June 20, 2016

How to tell time

It's About Time: Untangling Everything You Need to Know About Time
by Pascale Estellon

This book will teach kids all about the passage of time. It defines one second, one minute, one hour, one day, one week, etc., until they have grasped months, years, seasons, and centuries. It'll even show them how to tell time by reading a clock. Big, brightly coloured pictures make it fun and easy.

June 17, 2016

Wild eggs

Wild Eggs: A Tale of Arctic Egg Collecting 
by Suzie Napayok-Short
illustrated by Jonathan Wright

A young girl travels from Yellowknife to visit with her grandparents in Nunavut. At first, she's afraid that there will be nothing to see or do up there, but she soon discovers that the land is alive with birds and animals. Even the eggs that she eats for breakfast are exotic to her - they're bigger and more colourful than the hen eggs she usually eats. So when her grandparents suggest that they collect more eggs, she is eager to go.

A magical, gently told story that captures the beauty of the arctic. Wright's wonderful paintings are a highlight.

June 15, 2016

Jigging for fish

Fishing with Grandma
by Susan Avingaq & Maren Vsetula
illustrated by Charlene Chua

A grandmother takes her grandchildren on an adventure in this charming picture book. She drives them out to a frozen lake and shows them how to jig for fish. Using simple Inuit tools, they catch a lot of Arctic char which they share with other elders.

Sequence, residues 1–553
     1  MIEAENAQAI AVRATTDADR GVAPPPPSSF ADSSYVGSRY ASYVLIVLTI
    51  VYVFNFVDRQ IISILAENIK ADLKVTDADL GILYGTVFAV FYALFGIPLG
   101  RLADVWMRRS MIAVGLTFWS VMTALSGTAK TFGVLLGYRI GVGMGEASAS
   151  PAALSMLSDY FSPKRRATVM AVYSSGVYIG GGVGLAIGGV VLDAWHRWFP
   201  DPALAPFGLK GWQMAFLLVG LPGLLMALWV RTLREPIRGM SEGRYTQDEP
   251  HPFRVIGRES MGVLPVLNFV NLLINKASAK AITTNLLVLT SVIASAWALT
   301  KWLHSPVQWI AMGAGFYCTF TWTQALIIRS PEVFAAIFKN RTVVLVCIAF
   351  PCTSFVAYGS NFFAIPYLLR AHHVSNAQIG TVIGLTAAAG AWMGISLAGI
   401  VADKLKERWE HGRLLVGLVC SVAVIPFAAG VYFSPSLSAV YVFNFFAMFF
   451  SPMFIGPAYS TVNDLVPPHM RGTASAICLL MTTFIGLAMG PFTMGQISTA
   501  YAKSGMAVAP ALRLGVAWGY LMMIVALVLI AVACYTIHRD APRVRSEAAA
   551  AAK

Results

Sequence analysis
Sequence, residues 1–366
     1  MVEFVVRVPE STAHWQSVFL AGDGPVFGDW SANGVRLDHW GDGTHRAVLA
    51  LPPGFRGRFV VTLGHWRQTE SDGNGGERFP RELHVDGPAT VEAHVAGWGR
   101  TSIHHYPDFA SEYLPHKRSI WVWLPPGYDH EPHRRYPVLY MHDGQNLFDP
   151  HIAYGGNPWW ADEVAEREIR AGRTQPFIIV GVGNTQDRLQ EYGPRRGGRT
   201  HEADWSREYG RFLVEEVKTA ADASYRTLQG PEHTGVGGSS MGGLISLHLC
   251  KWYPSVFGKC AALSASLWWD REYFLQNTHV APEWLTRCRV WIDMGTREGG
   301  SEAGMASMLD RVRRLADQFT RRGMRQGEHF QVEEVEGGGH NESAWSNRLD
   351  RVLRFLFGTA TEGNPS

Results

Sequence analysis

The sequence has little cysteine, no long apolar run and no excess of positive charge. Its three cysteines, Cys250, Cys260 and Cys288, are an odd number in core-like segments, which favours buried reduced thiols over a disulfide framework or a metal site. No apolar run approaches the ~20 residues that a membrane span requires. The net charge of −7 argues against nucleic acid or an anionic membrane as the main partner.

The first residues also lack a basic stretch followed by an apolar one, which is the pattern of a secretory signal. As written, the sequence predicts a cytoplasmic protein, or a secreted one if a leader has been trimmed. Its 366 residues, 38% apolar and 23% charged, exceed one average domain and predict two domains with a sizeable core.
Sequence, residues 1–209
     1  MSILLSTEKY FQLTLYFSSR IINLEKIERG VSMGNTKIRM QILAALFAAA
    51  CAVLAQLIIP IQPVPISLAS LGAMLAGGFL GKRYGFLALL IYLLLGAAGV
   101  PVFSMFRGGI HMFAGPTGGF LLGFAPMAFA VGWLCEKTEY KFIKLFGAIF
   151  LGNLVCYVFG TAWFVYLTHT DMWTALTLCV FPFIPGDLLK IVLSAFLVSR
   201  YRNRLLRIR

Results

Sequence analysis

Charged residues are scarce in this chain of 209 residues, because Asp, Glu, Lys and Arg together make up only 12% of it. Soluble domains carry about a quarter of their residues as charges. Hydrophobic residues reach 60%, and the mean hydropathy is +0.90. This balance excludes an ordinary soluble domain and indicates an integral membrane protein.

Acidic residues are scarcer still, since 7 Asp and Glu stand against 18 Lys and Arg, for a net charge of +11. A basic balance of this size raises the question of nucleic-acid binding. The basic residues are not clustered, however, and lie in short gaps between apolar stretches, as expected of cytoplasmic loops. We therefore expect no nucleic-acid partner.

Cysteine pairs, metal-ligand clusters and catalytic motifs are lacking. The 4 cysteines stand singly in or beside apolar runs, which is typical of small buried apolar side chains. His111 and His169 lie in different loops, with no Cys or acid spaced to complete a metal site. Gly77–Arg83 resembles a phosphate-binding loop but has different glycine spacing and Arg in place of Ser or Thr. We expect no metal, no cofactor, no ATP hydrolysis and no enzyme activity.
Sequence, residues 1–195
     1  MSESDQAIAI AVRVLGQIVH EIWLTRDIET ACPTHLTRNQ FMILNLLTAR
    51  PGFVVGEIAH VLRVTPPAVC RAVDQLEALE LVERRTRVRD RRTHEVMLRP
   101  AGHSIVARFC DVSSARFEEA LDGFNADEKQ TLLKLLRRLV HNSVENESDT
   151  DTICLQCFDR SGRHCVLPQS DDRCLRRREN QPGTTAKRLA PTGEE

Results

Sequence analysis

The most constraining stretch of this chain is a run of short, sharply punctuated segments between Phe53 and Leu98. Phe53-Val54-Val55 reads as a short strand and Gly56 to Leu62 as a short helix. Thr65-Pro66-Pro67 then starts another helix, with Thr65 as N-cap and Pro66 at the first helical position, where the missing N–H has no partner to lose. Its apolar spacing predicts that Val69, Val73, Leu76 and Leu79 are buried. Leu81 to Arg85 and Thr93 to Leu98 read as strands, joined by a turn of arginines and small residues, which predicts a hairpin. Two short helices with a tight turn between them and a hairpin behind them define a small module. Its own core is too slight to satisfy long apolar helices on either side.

A good book that gently encourages sharing, self-sufficiency and outdoor fun.

June 13, 2016

Discoveries along the shoreline

A Walk on the Shoreline
by Rebecca Hainnu
illustrated by Qin Leng

A young boy visiting his biological family in Clyde River, Nunavut, learns about arctic plants and sea animals as he walks along the shoreline with his uncle. They are on their way to their summer campsite, where grandparents and other family members await.

The story is a bit wordy, with lots of explanatory dialogue, but it does manage to capture what life can be like in the north. The book concludes with a glossary of plants and animals and notes about landforms and hunting tools. 

June 10, 2016

The science of building

The Art of Construction: Projects and Principles for Beginning Engineers & Architects
by Mario Salvadori

With this book, kids can create all kinds of models with straws, paper, tongue depressors, balloons, and string. As they build, they'll learn about the laws of equilibrium, demonstrate the principles of tension and compression, and see what makes bridges and buildings stand up.

An excellent book.

June 8, 2016

Big trucks!

See How They Work & Look Inside Big Rigs 

See How They Work & Look Inside Diggers